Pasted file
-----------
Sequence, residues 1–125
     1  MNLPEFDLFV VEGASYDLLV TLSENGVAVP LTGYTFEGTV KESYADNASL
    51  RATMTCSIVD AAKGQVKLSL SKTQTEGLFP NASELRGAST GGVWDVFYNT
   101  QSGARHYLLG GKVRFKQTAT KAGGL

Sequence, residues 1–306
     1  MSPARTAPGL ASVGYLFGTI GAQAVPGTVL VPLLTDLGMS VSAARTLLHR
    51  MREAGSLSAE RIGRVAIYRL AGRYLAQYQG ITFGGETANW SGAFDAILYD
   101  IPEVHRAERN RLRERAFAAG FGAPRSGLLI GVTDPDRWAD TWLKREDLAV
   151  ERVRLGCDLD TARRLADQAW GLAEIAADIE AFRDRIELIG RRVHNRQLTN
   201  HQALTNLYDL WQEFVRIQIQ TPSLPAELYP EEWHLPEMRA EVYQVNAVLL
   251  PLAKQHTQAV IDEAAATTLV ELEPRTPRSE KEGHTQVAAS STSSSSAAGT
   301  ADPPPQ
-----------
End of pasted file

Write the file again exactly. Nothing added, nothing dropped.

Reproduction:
Sequence, residues 1–125
     1  MNLPEFDLFV VEGASYDLLV TLSENGVAVP LTGYTFEGTV KESYADNASL
    51  RATMTCSIVD AAKGQVKLSL SKTQTEGLFP NASELRGAST GGVWDVFYNT
   101  QSGARHYLLG GKVRFKQTAT KAGGL

Sequence, residues 1–306
     1  MSPARTAPGL ASVGYLFGTI GAQAVPGTVL VPLLTDLGMS VSAARTLLHR
    51  MREAGSLSAE RIGRVAIYRL AGRYLAQYQG ITFGGETANW SGAFDAILYD
   101  IPEVHRAERN RLRERAFAAG FGAPRSGLLI GVTDPDRWAD TWLKREDLAV
   151  ERVRLGCDLD TARRLADQAW GLAEIAADIE AFRDRIELIG RRVHNRQLTN
   201  HQALTNLYDL WQEFVRIQIQ TPSLPAELYP EEWHLPEMRA EVYQVNAVLL
   251  PLAKQHTQAV IDEAAATTLV ELEPRTPRSE KEGHTQVAAS STSSSSAAGT
   301  ADPPPQ